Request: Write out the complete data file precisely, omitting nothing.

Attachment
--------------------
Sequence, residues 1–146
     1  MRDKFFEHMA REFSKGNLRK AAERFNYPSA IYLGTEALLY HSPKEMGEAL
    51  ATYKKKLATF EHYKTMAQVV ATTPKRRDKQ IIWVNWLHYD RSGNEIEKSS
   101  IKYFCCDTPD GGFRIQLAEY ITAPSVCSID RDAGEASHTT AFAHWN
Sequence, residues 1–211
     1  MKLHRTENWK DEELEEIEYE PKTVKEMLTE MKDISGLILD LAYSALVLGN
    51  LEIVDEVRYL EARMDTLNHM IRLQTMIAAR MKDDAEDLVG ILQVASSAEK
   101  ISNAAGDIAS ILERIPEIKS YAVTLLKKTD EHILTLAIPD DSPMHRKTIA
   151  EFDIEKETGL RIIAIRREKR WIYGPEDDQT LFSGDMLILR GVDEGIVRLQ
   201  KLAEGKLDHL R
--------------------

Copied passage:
Sequence, residues 1–146
     1  MRDKFFEHMA REFSKGNLRK AAERFNYPSA IYLGTEALLY HSPKEMGEAL
    51  ATYKKKLATF EHYKTMAQVV ATTPKRRDKQ IIWVNWLHYD RSGNEIEKSS
   101  IKYFCCDTPD GGFRIQLAEY ITAPSVCSID RDAGEASHTT AFAHWN
Sequence, residues 1–211
     1  MKLHRTENWK DEELEEIEYE PKTVKEMLTE MKDISGLILD LAYSALVLGN
    51  LEIVDEVRYL EARMDTLNHM IRLQTMIAAR MKDDAEDLVG ILQVASSAEK
   101  ISNAAGDIAS ILERIPEIKS YAVTLLKKTD EHILTLAIPD DSPMHRKTIA
   151  EFDIEKETGL RIIAIRREKR WIYGPEDDQT LFSGDMLILR GVDEGIVRLQ
   201  KLAEGKLDHL R